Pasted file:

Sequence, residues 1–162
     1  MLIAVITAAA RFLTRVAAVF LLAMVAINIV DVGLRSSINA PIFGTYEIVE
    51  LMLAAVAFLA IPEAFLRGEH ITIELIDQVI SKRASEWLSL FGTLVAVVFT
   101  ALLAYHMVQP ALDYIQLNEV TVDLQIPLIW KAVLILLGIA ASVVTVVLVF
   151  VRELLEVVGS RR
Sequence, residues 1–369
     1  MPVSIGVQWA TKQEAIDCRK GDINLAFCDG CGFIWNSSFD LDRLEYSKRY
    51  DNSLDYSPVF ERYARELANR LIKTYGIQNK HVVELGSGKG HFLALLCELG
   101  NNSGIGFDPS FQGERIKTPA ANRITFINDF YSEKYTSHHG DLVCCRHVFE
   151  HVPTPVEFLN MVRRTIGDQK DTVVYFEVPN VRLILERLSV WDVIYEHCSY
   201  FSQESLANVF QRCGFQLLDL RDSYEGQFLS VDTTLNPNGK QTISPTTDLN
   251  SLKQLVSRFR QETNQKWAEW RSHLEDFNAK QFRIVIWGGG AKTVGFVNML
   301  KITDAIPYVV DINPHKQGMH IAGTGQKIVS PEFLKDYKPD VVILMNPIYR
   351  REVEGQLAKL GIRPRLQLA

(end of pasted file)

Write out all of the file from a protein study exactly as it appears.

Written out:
Sequence, residues 1–162
     1  MLIAVITAAA RFLTRVAAVF LLAMVAINIV DVGLRSSINA PIFGTYEIVE
    51  LMLAAVAFLA IPEAFLRGEH ITIELIDQVI SKRASEWLSL FGTLVAVVFT
   101  ALLAYHMVQP ALDYIQLNEV TVDLQIPLIW KAVLILLGIA ASVVTVVLVF
   151  VRELLEVVGS RR
Sequence, residues 1–369
     1  MPVSIGVQWA TKQEAIDCRK GDINLAFCDG CGFIWNSSFD LDRLEYSKRY
    51  DNSLDYSPVF ERYARELANR LIKTYGIQNK HVVELGSGKG HFLALLCELG
   101  NNSGIGFDPS FQGERIKTPA ANRITFINDF YSEKYTSHHG DLVCCRHVFE
   151  HVPTPVEFLN MVRRTIGDQK DTVVYFEVPN VRLILERLSV WDVIYEHCSY
   201  FSQESLANVF QRCGFQLLDL RDSYEGQFLS VDTTLNPNGK QTISPTTDLN
   251  SLKQLVSRFR QETNQKWAEW RSHLEDFNAK QFRIVIWGGG AKTVGFVNML
   301  KITDAIPYVV DINPHKQGMH IAGTGQKIVS PEFLKDYKPD VVILMNPIYR
   351  REVEGQLAKL GIRPRLQLA